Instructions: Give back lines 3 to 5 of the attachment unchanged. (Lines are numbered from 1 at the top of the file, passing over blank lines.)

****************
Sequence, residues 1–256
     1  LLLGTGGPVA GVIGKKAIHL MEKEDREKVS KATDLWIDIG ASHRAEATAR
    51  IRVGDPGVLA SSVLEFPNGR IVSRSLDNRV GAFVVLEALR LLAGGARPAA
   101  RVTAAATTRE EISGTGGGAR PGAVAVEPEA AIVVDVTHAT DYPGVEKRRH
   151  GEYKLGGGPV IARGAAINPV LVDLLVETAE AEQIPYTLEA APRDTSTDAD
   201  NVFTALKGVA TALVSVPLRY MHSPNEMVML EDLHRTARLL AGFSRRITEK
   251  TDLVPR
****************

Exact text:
    51  IRVGDPGVLA SSVLEFPNGR IVSRSLDNRV GAFVVLEALR LLAGGARPAA
   101  RVTAAATTRE EISGTGGGAR PGAVAVEPEA AIVVDVTHAT DYPGVEKRRH
   151  GEYKLGGGPV IARGAAINPV LVDLLVETAE AEQIPYTLEA APRDTSTDAD